Intravenous and intranasal heroin-dependent treatment-seekers: characteristics and treatment outcome


David Highfield, Friends Research Institute, 1040 Park Ave, Suite 103, Baltimore, MD 21201, USA. E-mail:


Aims  This study compared the characteristics of intravenous (i.v.) and intranasal (i.n.) heroin users seeking methadone treatment, and their response to treatment.

Participants  A total of 319 heroin-dependent adults.

Design  Participants were assigned randomly to receive interim methadone treatment or to a waiting list control on a 3 : 2 basis. Analyses were conducted by dividing participants into two groups based on their route of heroin ingestion: i.v. or i.n.

Setting  A methadone clinic in Baltimore City, Maryland.

Intervention  Interim methadone treatment consisted of providing an adequate and stable dose of methadone, but no psychosocial services, to heroin-dependent adults for up to 120 days while they awaited an opening for comprehensive methadone treatment.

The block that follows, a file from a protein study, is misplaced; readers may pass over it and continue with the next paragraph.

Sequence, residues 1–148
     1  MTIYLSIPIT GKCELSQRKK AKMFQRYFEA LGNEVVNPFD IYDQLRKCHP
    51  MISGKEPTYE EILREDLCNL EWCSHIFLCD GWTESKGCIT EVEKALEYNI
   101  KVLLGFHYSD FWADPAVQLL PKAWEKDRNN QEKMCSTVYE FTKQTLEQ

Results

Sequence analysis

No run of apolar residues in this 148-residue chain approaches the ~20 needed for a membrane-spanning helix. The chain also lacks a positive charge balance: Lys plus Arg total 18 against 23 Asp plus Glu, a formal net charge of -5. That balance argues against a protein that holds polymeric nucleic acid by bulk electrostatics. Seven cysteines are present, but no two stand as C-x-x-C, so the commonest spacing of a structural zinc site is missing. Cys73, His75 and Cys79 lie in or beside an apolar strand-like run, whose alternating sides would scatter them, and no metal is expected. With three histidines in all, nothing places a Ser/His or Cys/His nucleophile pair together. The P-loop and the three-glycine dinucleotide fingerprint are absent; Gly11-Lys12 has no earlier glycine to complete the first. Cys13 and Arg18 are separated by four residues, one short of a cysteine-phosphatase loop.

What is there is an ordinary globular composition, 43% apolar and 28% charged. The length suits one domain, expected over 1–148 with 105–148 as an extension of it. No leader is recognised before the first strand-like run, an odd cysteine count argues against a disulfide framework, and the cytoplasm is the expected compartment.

Measures  Addiction Severity Index, Texas Christian University AIDS Risk Assessment, a questionnaire on treatment entry and a urine drug test were collected at baseline and at entry into a comprehensive treatment program, or at 120 days after baseline assessment, whichever came first.

Findings  At baseline, over 60% of participants were i.n. users and had been for an average of over 12 years; i.v. users, compared to i.n. users, were more likely to have ever used cocaine, to have used cocaine in the past 30 days, to have more medical complications and to report more income generated from criminal behavior. Both i.v. and i.n. users reduced their self-reported days of heroin use, cocaine use and days of criminal activity in response to interim methadone treatment.

Conclusions  Despite differences in baseline characteristics, i.n. and i.v. heroin-dependent individuals did not differ in their response to interim methadone treatment.